While not all boomers are credit union members, roughly 5.6 million are, and they hold approximately $617 billion in net worth. As credit unions continue to look for new income sources, it’s critical to attract the wealth baby boomers will carry into their retirement by developing strategies to retain boomers.

    This won’t be easy. A recent survey by CUNA Mutual Group shows member loyalty is tenuous, at best, and suggests boomers think of other financial institutions ahead of credit unions for their retirement investment needs.

    CUNA’s 2010-2011 Environmental Scan contains strategies for serving this important demographic.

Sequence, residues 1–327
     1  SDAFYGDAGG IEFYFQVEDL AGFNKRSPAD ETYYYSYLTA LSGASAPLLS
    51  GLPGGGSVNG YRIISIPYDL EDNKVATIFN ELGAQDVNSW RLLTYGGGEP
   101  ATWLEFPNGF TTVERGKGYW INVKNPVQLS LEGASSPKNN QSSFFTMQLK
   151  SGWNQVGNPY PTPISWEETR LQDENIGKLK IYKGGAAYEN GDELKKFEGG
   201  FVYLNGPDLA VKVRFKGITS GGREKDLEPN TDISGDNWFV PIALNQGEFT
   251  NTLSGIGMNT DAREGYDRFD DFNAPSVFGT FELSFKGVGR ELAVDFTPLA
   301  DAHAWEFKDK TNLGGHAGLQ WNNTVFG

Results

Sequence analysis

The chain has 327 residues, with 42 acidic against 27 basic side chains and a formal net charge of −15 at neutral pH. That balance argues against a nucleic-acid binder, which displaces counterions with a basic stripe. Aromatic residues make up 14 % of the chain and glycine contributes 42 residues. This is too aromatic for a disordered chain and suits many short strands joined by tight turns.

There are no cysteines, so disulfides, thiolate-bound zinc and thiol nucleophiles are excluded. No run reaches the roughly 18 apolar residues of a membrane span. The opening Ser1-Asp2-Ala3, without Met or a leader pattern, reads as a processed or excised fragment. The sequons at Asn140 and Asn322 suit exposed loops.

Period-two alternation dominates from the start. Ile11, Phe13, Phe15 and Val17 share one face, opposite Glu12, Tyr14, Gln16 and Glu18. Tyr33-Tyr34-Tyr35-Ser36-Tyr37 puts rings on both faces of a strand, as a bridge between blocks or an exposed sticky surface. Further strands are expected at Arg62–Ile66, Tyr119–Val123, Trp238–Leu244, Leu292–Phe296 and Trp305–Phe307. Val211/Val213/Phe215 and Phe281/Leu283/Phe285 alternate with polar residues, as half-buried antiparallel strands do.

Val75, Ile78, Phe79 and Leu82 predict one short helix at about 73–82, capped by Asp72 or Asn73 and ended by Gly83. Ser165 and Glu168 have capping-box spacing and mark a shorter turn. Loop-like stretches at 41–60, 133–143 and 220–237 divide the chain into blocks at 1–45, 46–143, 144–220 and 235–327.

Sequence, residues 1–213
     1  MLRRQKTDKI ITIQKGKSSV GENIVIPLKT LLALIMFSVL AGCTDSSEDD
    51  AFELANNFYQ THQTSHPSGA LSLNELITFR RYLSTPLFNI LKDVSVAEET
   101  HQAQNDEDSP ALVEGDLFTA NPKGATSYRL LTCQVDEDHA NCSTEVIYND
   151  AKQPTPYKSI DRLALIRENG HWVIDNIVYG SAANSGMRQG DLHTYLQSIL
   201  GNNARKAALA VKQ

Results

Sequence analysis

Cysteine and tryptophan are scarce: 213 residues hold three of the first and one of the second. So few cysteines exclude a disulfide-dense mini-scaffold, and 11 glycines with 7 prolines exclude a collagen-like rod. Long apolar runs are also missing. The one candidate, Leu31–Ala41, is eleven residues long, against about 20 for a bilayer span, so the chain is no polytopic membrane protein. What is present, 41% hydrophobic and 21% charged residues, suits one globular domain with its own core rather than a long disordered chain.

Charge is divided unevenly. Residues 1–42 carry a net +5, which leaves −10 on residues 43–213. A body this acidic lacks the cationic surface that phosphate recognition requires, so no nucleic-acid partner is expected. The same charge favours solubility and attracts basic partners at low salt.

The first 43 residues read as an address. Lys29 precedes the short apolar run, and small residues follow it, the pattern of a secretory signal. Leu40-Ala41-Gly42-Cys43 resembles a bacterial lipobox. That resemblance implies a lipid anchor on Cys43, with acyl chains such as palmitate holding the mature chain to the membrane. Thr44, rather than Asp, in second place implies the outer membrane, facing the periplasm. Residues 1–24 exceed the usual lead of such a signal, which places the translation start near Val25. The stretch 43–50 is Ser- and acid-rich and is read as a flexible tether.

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    Great article! Unfortunately, most employees don’t feel valued or appreciated by their supervisors or employers. In fact, research has shown that the predominant reason team members quit their jobs is because they don’t feel valued. This is in spite of the fact that employee recognition programs have proliferated in the workplace – over 90% of all organizations in the U.S. has some form of employee recognition activities in place. But most employee recognition programs are viewed with skepticism and cynicism – because they aren’t viewed as being genuine in their communication of appreciation. Getting the “employee of the month” award, receiving a certificate of recognition, or a “Way to go, team!” email just don’t get the job done. How do you communicate authentic appreciation? We have found people have different ways that they want to be shown appreciation, and if you don’t communicate in the language of appreciation important to them, you essentially “miss the mark”. Additionally, employees need to receive recognition more than once a year at their performance review. Otherwise, they view the praise as “going through the motions”. A third component of authentic appreciation is that the communication has to be about them personally – not the department, not their group, but something they did. Finally, they have to believe that you mean what you say. How you treat them has to match the words you use. If you are not sure how your team members want to be shown appreciation, the Motivating By Appreciation Inventory (www.appreciationatwork.com/assess) will identify the language of appreciation and specific actions preferred by each employee. You then can create a group profile for your team, so everyone knows how to encourage one another. Remember, employees want to know that they are valued for what they contribute to the success of the organization. And communicating authentic appreciation in the ways they desire it can make the difference between keeping your quality team members or having a negative work environment that everyone wants to leave. Paul White, Ph.D., is the co-author of The 5 Languages of Appreciation in the Workplace with Dr. Gary Chapman.